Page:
Prolific and easily recognizable, Bumblebees are possibly our most important native pollinator. These gentle giants of the bee world, Bumblebees are our only native bee that lives in a social colony.
Bumblebees are very important for the pollination of many native plant species in our area. They are active at lower temperatures than honey bees and in rainier weather because they can generate heat and regulate their body temperature. Bumblebees are social bees, like honey bees, they live in a communal hive which has between 50 - 500 bees (honey bee colonies will have 5000 - 40000 bees). Most of the bumblebee colonies I've worked with in Oregon have less than 100 bees.
Each spring queen bumblebees that have hibernated through the winter emerge and begin to look for a good nest location. Popular nesting locations for bumblebees are abandon mouse holes or empty bird nests. Once a queen chooses her nest location for the year, she begins to build out the wax structure. When the nest structure is finished, it will generally be circular and about the size of a dinner plate with a very bulbus surface. It may be helpful to know that a bumblebee nest will only last for one year (generally until around October).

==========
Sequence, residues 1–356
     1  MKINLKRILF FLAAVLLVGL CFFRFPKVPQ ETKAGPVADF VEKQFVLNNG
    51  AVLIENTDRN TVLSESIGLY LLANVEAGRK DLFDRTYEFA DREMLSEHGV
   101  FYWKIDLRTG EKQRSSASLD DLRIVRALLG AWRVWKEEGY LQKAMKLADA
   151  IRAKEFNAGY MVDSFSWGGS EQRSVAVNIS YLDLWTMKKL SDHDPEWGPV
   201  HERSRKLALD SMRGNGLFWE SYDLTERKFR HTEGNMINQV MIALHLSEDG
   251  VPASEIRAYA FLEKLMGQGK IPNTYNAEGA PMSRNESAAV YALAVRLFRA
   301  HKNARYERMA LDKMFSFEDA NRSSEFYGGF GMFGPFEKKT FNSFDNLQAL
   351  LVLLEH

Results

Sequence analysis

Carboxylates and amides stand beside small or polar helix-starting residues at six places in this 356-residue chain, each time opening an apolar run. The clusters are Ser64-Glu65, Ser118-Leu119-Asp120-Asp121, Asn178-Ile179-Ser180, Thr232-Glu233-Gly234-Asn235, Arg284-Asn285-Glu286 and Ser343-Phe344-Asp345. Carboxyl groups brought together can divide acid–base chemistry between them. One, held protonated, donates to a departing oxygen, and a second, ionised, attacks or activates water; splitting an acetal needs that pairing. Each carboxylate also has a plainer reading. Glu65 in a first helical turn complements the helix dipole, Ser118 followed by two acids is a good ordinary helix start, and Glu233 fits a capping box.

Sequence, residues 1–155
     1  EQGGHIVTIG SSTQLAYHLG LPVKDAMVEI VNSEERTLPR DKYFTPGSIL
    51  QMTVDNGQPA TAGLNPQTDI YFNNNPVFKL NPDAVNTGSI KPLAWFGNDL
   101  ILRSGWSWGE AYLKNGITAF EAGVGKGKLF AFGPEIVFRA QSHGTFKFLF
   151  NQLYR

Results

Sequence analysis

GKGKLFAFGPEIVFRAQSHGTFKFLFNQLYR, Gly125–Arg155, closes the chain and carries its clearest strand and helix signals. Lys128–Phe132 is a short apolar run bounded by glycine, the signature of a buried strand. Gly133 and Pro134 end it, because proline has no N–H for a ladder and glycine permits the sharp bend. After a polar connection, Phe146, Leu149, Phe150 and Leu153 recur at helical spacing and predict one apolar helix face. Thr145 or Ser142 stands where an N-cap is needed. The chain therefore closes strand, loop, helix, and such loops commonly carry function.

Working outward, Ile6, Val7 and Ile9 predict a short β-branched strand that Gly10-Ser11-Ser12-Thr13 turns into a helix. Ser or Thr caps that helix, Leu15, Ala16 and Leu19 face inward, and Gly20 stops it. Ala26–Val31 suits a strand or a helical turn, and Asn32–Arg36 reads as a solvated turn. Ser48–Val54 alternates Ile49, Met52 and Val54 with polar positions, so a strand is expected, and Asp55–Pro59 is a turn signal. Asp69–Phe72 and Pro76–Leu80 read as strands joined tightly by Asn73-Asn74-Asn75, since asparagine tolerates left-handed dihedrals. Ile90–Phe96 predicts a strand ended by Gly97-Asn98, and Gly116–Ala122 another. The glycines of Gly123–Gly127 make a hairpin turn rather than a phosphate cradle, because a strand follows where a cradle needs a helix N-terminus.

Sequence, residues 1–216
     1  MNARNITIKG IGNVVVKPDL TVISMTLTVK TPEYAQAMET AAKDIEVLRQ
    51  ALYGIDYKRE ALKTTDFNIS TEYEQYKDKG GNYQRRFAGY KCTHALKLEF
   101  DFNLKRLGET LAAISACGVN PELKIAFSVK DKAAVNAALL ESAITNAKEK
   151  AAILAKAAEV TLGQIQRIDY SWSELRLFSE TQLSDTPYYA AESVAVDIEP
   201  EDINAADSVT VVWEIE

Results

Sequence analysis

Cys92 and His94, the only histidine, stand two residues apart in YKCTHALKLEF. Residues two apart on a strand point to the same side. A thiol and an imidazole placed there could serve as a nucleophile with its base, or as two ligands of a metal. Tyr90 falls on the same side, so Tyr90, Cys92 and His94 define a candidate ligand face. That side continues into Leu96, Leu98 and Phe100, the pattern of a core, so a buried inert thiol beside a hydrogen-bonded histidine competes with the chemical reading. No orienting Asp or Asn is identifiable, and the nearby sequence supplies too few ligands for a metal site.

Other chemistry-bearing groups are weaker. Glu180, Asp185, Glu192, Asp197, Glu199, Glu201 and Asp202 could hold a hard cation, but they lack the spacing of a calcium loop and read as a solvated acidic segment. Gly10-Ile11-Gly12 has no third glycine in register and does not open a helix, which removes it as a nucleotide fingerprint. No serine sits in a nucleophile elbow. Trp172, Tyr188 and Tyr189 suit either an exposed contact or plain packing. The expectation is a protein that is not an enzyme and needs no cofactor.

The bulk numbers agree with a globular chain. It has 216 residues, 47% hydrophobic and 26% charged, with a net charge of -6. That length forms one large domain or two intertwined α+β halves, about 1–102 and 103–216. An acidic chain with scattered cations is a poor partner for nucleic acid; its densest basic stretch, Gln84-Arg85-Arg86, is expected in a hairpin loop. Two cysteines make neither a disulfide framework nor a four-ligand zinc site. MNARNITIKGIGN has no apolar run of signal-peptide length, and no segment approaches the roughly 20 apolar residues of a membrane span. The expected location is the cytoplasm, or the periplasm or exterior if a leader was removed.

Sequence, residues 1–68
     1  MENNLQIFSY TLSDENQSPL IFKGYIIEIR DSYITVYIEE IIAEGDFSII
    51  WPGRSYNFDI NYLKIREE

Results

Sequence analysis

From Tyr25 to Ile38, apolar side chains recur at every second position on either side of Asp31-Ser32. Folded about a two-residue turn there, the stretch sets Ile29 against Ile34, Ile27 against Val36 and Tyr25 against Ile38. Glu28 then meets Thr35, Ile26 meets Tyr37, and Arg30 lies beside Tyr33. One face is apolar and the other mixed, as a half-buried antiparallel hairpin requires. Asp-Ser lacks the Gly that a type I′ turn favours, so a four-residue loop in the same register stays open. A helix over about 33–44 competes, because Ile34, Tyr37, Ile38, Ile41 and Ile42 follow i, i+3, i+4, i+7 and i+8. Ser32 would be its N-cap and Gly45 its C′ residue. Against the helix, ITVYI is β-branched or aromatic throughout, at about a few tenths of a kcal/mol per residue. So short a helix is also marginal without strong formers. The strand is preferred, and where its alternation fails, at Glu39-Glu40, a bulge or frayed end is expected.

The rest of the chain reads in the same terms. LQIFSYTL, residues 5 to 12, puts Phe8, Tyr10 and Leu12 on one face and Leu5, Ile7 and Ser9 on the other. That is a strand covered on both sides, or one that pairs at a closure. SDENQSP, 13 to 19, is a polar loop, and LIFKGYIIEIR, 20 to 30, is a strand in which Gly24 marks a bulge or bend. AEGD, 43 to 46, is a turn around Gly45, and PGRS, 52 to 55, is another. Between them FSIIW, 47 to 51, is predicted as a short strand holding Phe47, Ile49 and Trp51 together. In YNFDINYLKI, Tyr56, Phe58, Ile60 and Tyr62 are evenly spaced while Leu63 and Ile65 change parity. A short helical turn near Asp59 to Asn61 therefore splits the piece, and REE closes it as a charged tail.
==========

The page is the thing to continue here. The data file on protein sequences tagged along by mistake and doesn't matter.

Living with Bumbles
Relax: Live with them and enjoy their presence. Bumblebees have an annual life cycle, so they will only nest in their current location until fall.
Redirect: If Bumblebees have placed their nest in a location where their flight path constantly conflicts with you, your kids, or pets, it may be possible to redirect that flight path.
Relocate: If the Bumblebees are in a difficult spot, you have a life-threatening allergy to bee stings, or they are in peril due to pending construction or other factors, the Bumblebee nest can often be relocated.
If you have questions about the redirection or relocation of Bumblebees, give us a call.
Call or Text for friendly swarm rescue or bee advice
There are around 30 species of Bombus in Oregon. Ten of these are either species of conservation concern or rare species. The other twenty are fairly common with Bombus vosnesenskii, the yellow-faced bumblebee being the most prolific. Protecting these native pollinators is critically important for sustaining our ecosystem.